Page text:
Sad news. Haaretz today announced the death of veteran journalist Amos Elon (84) in the village in Tuscany, Italy, where he has been living for the past 20 years. Elon was one of the most outstanding Israeli journalists, a man who wrote as easily for publications like the New York Review of Books, an example for many.
He was born in 1925 in Vienna and fled with his family to Palestine in 1933, where he in the fifties became the star of Haaretz and a protege of Gershom Shocken, the owner and editor in chief. He was subsequently sent to Europe and the States as a correspondent.
In 1970 Elon published the book 'The Israeli's' which was an immediate succes. He thereupon left Haaretz, but returned in 1978 in the wake of the peace process with Egypt. In 1986 he left the paper for good and went to live in his wife's house in Tuscany. There he wrote a biography of Herzl, a book about the Rothschilds and 'The Pity of it All: A portrait of the German Jewish Epoch 1743-1933'.
In 2000 I reviewed for the Dutch Jewish weekly Het Nieuw Israelietisch Weekblad 'A Blood Dimmed Tide' a collection of dispatches he wrote for Haaretz and other newspapers over a period of some 30 years,(the review is to be found on this blog under the tag Amos Elon). Elon has often been described as a cultured, reserved and very intellectual person. A similar picture emerged from this collection of stories. Well written, sensitive, mostly pessimistic and critical observations about developments and trends in Israel. The thirst for territory after the victory of 1967, the sad aftermath of the 1982 invasion of Lebanon, the strange preoccupation with archeology (Dayan, Yigal Yadin), or the way the right started to use the narrative of the holocaust to justify tough actions against real or presumed enemies.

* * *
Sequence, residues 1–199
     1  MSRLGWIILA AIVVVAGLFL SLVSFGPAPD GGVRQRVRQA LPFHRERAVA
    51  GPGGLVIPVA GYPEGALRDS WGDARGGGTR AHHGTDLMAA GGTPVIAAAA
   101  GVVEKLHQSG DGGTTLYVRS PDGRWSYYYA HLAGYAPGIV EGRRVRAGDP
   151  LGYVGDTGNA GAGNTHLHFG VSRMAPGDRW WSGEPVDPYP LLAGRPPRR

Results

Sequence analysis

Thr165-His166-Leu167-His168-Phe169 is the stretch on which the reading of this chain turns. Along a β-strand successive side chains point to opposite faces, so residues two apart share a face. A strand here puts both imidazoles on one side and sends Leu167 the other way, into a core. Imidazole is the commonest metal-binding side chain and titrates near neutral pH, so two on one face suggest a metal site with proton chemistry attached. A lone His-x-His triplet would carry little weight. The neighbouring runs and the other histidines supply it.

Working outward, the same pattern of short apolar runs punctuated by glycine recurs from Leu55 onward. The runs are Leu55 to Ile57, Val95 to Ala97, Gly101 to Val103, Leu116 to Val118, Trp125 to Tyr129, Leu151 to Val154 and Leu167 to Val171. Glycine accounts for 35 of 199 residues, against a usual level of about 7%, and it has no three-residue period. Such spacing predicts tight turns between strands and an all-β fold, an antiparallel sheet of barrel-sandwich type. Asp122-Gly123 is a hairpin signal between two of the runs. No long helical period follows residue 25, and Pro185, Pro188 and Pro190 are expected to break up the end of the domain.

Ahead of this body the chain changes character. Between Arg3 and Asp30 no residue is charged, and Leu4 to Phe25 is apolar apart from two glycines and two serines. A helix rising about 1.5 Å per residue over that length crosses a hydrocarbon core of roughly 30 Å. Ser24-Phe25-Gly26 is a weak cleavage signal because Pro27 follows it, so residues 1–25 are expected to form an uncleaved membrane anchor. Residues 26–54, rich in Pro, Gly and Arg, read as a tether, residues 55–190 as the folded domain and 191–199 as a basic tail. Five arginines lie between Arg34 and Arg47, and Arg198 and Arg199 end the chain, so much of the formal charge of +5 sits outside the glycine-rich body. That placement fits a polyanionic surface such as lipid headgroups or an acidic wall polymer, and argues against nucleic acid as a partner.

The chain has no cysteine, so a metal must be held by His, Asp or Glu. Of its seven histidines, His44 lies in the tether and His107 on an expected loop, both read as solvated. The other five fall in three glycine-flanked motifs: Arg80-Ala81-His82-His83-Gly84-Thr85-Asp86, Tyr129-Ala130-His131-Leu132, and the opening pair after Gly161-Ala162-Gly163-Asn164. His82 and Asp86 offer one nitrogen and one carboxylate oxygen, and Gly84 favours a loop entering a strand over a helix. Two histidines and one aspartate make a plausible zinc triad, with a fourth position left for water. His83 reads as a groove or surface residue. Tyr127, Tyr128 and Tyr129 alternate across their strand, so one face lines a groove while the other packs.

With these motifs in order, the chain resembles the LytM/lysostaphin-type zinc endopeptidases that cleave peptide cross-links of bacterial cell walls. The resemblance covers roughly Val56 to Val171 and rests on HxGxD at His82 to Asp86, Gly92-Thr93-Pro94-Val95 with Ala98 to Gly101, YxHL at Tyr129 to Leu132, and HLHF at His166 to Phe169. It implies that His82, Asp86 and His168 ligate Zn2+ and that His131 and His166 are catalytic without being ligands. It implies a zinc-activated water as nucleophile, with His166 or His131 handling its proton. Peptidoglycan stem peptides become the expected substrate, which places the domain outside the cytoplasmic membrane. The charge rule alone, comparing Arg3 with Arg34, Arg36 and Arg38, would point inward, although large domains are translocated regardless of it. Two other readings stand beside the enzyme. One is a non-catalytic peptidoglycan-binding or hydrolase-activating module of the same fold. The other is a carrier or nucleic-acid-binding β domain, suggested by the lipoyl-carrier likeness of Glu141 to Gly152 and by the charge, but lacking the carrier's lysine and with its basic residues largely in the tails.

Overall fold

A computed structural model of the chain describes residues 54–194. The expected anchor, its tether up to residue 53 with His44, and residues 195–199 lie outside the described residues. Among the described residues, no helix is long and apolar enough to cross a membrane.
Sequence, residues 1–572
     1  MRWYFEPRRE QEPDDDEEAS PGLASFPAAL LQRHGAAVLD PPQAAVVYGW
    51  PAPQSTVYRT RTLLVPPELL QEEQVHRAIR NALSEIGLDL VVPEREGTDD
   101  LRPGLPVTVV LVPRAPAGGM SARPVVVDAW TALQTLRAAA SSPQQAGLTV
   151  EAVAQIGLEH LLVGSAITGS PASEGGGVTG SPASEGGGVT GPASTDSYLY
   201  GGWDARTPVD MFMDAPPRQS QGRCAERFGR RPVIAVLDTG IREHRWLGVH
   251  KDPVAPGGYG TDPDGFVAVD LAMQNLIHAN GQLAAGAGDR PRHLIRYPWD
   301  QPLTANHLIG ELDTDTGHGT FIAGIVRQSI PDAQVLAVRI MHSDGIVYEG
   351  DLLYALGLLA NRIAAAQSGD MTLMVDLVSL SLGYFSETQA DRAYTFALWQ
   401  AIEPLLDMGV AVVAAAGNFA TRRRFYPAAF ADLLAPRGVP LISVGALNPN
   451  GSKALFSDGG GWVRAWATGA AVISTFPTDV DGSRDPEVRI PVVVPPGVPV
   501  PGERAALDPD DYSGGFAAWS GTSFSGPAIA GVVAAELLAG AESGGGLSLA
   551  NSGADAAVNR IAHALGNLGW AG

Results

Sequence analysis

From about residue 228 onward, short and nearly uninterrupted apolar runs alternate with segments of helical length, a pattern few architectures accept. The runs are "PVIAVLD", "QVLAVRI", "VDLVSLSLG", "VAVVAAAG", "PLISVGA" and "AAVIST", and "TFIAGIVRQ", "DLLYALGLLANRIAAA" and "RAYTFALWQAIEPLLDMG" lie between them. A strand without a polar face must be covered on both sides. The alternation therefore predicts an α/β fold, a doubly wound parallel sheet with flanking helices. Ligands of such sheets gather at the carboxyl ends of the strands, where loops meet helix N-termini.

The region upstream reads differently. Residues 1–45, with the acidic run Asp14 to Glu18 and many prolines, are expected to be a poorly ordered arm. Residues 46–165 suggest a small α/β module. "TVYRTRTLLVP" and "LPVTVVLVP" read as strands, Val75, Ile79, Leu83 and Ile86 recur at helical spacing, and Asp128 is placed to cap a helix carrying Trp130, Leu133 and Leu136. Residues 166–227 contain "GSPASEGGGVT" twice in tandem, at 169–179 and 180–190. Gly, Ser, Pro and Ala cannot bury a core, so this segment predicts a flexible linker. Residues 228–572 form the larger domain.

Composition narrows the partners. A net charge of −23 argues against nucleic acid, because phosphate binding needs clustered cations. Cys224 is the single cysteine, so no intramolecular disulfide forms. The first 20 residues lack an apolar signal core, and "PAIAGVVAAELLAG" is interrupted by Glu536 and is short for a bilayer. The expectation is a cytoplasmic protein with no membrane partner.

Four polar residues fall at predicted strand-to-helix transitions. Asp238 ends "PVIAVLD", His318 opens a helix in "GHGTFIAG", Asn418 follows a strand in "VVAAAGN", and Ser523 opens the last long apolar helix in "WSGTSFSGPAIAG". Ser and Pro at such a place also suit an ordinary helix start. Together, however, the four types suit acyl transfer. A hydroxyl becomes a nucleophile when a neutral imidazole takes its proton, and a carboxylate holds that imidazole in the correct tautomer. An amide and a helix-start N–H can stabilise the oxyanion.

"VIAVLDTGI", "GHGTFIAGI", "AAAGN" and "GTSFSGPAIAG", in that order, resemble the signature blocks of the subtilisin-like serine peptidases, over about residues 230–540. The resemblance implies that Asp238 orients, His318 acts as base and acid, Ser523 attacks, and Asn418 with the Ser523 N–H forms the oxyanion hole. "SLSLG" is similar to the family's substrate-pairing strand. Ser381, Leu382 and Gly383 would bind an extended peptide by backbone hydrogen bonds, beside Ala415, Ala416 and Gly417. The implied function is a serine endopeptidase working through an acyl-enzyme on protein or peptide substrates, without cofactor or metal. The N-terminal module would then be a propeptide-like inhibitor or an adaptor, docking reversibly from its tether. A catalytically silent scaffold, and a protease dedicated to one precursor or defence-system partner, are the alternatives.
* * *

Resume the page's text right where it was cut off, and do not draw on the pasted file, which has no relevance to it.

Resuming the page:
Nowadays Elon strats to be forgotten. But in 2004 he was , in spite of that, at length interviewed in Haartexz by Ari Shavit (also published by Counterpunch, here). There he admitted te be disappointed by the devolopmenets in Israel: 'Nothing has changed here in the last 40 years. The problems are exactly the same as they always were. The solutions were already known back then. But no one paid attention to them. And I found myself repeating them. I found myself saying the same thing all the time. And I started to bore myself.'
He said te feel alienated because of the 'sharp shift in Israel toward the right and toward religion' and the occupation after 1967 'that corrupted Israeli society. Quote: 'There were two sources of perversion: the mixture of religion with political policy and the secular right's military adventurism. Force. The worship of force. By the way, it hasn't come only from the Likud. It also came from Ahdut Ha'avoda (the United Workers Party, a precursor of the Labor Party), from people like Allon and Gallili. Ahdut Ha'avoda always seemed to me to be a party of farmers fighting over each piece of land with pitchforks.'
And about zionism and the state: 'I think that Zionism has exhausted itself. Precisely because it accomplished its aims. If the Zionism of today isn't a success story, it's the fault of the Zionists. It's because of the religionization and Likudization of Zionism and because of what was supposed to be a state-of-the-Jews has become a Jewish state.'
Words that deserve to be remembered. Together with the man who spoke them.